Nutrition and the eye

There is evidence to show that a healthy diet prevents the development of eye conditions, although this link isn't as strong as it is for other conditions such as heart disease

Eating a healthy balanced diet rich in fruit and vegetables may help to keep your eyes as healthy as they can be.

A balanced diet is essential for staying healthy. A diet that is based on starchy foods such as rice, potatoes and pasta, with plenty of fruit and vegetables, foods rich in protein such as meat, fish and pulses (for example lentils), some milk and diary and not too much fat, salt or sugar, will give you all the nutrients you need.

Losing weight or maintaining a healthy weight means eating the right foods in the right amounts and exercising regularly. Being overweight in itself does not seem to be a risk factor for any particular eye condition, but being overweight does put you at risk of a number of health problems, including

  • high blood pressure
  • type 2 diabetes
  • heart disease
  • stroke
  • some cancers.

Some of the health complications of being overweight can cause problems that can affect your sight. These include retinal vessel occlusions, diabetic eye problems and eye conditions related to stroke. You can reduce your risk of developing these conditions, which can lead to sight loss, by maintaining a healthy weight or by losing weight if you need to.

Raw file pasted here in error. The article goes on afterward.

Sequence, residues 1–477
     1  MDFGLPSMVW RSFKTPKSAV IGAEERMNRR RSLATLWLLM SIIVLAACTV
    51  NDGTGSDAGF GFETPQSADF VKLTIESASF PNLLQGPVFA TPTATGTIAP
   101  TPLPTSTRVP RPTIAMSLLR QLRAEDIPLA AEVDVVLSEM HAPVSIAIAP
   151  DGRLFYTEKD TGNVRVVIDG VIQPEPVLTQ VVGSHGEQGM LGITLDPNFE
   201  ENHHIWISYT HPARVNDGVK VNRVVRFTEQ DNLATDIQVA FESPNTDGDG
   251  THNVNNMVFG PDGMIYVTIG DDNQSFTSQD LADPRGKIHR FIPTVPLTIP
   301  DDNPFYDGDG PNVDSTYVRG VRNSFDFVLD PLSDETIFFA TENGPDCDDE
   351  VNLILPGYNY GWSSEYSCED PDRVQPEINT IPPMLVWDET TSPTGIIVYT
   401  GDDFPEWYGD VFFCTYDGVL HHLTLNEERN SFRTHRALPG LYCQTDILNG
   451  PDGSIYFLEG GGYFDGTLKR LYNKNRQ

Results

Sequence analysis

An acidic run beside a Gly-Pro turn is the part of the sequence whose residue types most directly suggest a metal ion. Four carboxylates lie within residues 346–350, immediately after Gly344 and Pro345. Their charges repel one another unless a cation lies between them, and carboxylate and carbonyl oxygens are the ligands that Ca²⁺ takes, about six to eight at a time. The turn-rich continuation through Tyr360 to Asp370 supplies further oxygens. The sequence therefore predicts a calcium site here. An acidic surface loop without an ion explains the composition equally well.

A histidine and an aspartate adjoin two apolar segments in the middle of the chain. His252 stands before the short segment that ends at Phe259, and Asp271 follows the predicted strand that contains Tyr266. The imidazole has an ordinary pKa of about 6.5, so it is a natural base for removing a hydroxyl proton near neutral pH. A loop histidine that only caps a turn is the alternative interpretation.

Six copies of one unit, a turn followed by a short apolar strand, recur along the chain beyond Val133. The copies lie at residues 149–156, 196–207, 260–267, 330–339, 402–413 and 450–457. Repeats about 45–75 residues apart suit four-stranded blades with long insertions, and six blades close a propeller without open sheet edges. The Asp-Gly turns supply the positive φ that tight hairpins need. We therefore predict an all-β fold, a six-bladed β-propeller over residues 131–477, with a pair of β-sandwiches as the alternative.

Most people can get all the vitamins and minerals they need from eating a healthy and balanced diet. However, some people may be advised to take a supplement by their GP or eye specialist.

At present it is felt that perhaps people who have a poor dietary intake of vitamins and minerals, for example some elderly people who may have difficulties with digestion, may benefit from taking supplements to help prevent eye conditions such as age-related macular degeneration from developing, although more research is needed to confirm this.

What is a healthy diet?

Carbohydrates: Starchy foods such as bread, pasta and rice should make up around one third of everything you eat. Choosing wholegrain or wholemeal varieties, such as wholemeal (brown) bread, brown rice and wholewheat pasta, as well as eating the skins or jackets of potatoes, increases the amount of fibre (roughage) you eat.